SKOWHEGAN, Maine — Dr. Michael Lambke hears the same thing over and over when he tells his chronically ill patients to eat more fresh fruit and vegetables: Healthful food costs too much.
“That’s one of the biggest standard obstructions I hear from my patients,” said Lambke, a family physician who spent Saturday morning at the Skowhegan Farmers Market. “When we’re working through the process, the chronic issue is cost.”
As of Saturday, though, area residents who receive food subsidies can double their value up to $10 every week at the Skowhegan Farmers Market. Any person or family who consumes that much healthful food for any length of time will reap the benefits in their health, said Lambke.
“I’m very excited to see this happening,” he said.
The program, funded by Redington-Fairview General Hospital, the national Wholesome Wave Foundation and the Harvard Pilgrim Healthcare Foundation, started this week. Lambke and others are also creating a “Veggie Prescription” program in which doctors give their patients farmers market vouchers.
Mike Vermette of The Highlands Farm in St. Albans keeps the books for the Skowhegan Farmers Market. He said the market accepted nearly $4,000 in food benefit vouchers last year, but he expects that number will seem paltry compared with this summer. In other areas of the country where similar programs have been attempted, public benefit spending has increased by as much as 800 percent, according to Vermette.
“That’s a big deal,” he said. “If it actually comes close to that, it means another $2,500 a year for each of our 20 vendors.”
In the first hour, five shoppers had already used the Double Dollars program and several more showed up throughout the morning, according to Kate Mantor, a nutrition project coordinator for the Healthy Maine Partnership.
“It looks like most people are doubling their strawberries so far,” she said. “This is a great program, and a lot of people around here are really excited about it.”
Wayne Bessette of Skowhegan, who was taking advantage of the Double Dollars program Saturday, said eating fresh produce began for him eight months ago when he was diagnosed with diabetes. Since then, he has lost more than 100 pounds and brought his average blood sugar level from spikes of more than 600 milligrams per deciliter to 86 mg/dL. A healthy blood sugar level is between 70 and 120 mg/dL.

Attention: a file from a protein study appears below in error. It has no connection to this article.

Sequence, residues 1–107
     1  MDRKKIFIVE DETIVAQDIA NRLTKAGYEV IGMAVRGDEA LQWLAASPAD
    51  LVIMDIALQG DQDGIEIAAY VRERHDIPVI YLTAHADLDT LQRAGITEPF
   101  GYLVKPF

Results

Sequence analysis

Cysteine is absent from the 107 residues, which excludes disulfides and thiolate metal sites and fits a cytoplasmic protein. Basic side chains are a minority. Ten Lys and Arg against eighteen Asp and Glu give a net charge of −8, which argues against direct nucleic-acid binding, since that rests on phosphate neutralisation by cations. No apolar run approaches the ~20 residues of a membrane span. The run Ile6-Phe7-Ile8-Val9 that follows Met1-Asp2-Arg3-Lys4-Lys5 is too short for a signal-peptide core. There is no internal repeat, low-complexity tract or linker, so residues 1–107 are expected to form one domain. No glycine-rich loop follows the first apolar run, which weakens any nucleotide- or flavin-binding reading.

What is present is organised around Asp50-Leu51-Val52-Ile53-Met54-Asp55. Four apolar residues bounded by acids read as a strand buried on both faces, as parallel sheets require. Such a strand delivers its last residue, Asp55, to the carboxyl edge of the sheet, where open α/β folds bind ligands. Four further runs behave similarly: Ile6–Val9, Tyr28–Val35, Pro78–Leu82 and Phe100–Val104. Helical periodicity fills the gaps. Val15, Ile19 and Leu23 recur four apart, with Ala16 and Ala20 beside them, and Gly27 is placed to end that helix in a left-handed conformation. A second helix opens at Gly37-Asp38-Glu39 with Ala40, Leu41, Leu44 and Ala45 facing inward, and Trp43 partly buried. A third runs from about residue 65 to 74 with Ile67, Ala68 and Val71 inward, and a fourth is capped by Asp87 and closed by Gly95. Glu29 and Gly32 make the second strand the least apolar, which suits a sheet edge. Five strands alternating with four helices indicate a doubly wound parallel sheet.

Bessette attributes his progress largely to his new attitude about what he eats — much of which comes from the Skowhegan Farmers Market.
“This place has given me a better life and a healthier life,” he said. “It was a struggle, and I had to figure it out for myself. It’s not an overnight thing.”
William and Lisa Toles of Skowhegan also were using the Double Dollars program Saturday. In addition to helping improve their diet, they like the program because it funnels dollars to local farmers who transport their goods across town as opposed to around the world. And there’s the financial benefit.
“We’ll do anything to save a little bit of money right now,” said William Toles.
Ann Mefferd of One Drop Farm in Cornville said part of her mission as a farmers market vendor is teaching people not only the nutritional value of fresh food, but also how they can grow it on their own. That’s why she and others have created an on-site demonstration garden on the farmers market grounds, which is located behind the old county jail in downtown Skowhegan.
“We’re teaching people that there’s a way to bring healthier and more nutritional food into their homes,” said Mefferd, who said weekly programs in the demonstration garden, including some geared for children, begin June 26.
According to the Wholesome Wave Foundation, other Maine farmers markets participating in the Veggie Prescription and Double Dollars programs include the Lewiston Farmers Market, the Kennebunk Farmers Market, the Boyd Street and Washington Gardens farmers markets in Portland, and a consortium of farmers markets overseen by the Downeast Business Alliance.
For more information about the Skowhegan Farmers Market, go to www.skowheganfarmersmarket.com.